TS Thin strip Cutting Jig

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Project by Hawgnutz posted 02-25-2008 04:25 PM 13531 views 105 times favorited 23 comments Add to Favorites Watch

Here is a Jig I made to cut some thin strips using my table saw. Danged if just after I ordered the bearings from online if Rockler came out with one on sale! Well, it feels better using a jig you made, not some factory!

The first pic shows the jig on my table saw being measured for the cut. The second shows a test strip being cut. And picture 3 shows that the strip got cut to 1/8”! SUCCESS! Now when I need to cut my 1/16” accent trip I can do it safely.

Here are the parts laid out:

The base is made of 3/4” ply, 3×5. The top is 3×7 ply before it was shaped. (Hint: Cut dadoes in the ply to accept the 1/4” x 1/2” hardwood runner before cutting them to size! I also sanded the top runners, then applied a paste wax.)

The bearing I ordered was way to big for the inside diameter, too, so I had to use different spacers and a 3/8” bolt. It works fine, but has close clearance on bottom of jig.

Use is siomple. Just measure the doistance between blade and bearing,

then slide jig back to behind the blade and run wood through, as in picture 2 above.

One note though… Make sure you install a splitter and ZCI FIRST! This wil help prevent any nasty kickback! I used a MJ Splitter, but a piece of wood the width of your kerf positioned directly behind your blade will work, too.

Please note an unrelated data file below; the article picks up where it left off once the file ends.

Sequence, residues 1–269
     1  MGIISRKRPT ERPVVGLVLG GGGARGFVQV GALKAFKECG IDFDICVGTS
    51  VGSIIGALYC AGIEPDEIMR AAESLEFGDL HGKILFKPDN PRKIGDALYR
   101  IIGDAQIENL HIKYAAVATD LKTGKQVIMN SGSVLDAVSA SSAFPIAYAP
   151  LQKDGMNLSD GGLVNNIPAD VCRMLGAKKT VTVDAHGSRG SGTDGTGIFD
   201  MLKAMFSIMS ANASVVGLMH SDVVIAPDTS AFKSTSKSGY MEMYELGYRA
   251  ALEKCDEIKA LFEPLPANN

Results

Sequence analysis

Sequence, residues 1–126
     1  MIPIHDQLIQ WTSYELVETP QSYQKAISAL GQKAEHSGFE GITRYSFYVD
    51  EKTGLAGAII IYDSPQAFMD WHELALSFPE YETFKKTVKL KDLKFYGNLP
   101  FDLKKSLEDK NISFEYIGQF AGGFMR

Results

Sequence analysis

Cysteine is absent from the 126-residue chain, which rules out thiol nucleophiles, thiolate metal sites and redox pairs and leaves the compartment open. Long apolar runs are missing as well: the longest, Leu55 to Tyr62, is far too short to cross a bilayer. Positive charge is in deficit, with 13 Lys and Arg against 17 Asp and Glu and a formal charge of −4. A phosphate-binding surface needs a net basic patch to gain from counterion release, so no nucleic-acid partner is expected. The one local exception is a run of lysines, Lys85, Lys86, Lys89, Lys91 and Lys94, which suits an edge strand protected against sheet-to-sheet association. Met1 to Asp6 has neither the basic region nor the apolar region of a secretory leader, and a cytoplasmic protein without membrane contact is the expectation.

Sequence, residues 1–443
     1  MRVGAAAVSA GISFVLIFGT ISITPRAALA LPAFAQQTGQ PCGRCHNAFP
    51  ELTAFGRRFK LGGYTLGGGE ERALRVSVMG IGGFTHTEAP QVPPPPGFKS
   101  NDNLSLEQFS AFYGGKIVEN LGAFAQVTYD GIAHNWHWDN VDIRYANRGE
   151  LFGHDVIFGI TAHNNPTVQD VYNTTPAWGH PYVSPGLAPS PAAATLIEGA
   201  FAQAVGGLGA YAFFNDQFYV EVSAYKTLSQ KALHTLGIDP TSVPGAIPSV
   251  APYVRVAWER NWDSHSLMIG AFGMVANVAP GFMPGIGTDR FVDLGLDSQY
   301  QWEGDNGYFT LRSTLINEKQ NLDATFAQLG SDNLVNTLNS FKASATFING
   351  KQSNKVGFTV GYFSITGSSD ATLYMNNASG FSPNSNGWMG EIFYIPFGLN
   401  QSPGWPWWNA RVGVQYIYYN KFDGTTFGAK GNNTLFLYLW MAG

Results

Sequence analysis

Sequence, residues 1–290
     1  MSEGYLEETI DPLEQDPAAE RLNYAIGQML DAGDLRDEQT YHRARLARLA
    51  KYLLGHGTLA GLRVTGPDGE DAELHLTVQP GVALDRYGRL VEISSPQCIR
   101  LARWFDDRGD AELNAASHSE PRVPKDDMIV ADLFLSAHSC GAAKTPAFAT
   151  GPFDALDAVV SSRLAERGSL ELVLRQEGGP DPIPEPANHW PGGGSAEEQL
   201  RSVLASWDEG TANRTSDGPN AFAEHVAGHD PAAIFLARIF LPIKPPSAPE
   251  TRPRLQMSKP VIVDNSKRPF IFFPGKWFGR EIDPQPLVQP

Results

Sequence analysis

You can see in picture 3, above, that it worked fine on my test strip. I hope this helps you build one for yourself!

God Bless,

-- Saving barnwood from the scrapyards

23 comments so far

View TomFran's profile


2948 posts in 3085 days

#1 posted 02-25-2008 04:45 PM


These jigs work great, don’t they? I made one too, and am glad I did.

-- Tom, Surfside Beach, SC - Romans 8:28

View juniorjock's profile


1930 posts in 2856 days

#2 posted 02-25-2008 04:55 PM

Nice jig and a heck of a lot safer than the one i made.

View FlWoodRat's profile


732 posts in 3000 days

#3 posted 02-25-2008 05:01 PM

Great looking Jig. Nice Job. Thanks for posting the clever idea.

-- I love the smell of sawdust in the morning....

View DaytonB's profile


154 posts in 2957 days

#4 posted 02-25-2008 05:41 PM

I nipped the end of my thumb off a couple years ago trying to do this by setting the fence 1/8” from the blade. This is a MUCH safer way to do it : ) Thanks and good job

View GaryK's profile


10262 posts in 3079 days

#5 posted 02-25-2008 06:06 PM

I got lazy and bought the Rockler one. Yours is good though.

-- Gary - Never pass up the opportunity to make a mistake look like you planned it that way - Tyler, TX

View Hawgnutz's profile


526 posts in 3167 days

#6 posted 02-25-2008 06:31 PM

Yes, Gary, if I would have seen the Rockler one before I ordered the bearings (I live in a semi-rural town that does not have a bearing shop). I would have ordered the one from Rockler.

I am sad to hear that you nipped your finger, Dayton. I almost took my finger off this last summer, so TS safety is tops on my list now. I used the Grripper to cut the 1/4” strip, but I need to cut 1/16” accent strips fofr a project and did not feel safe using it for that application.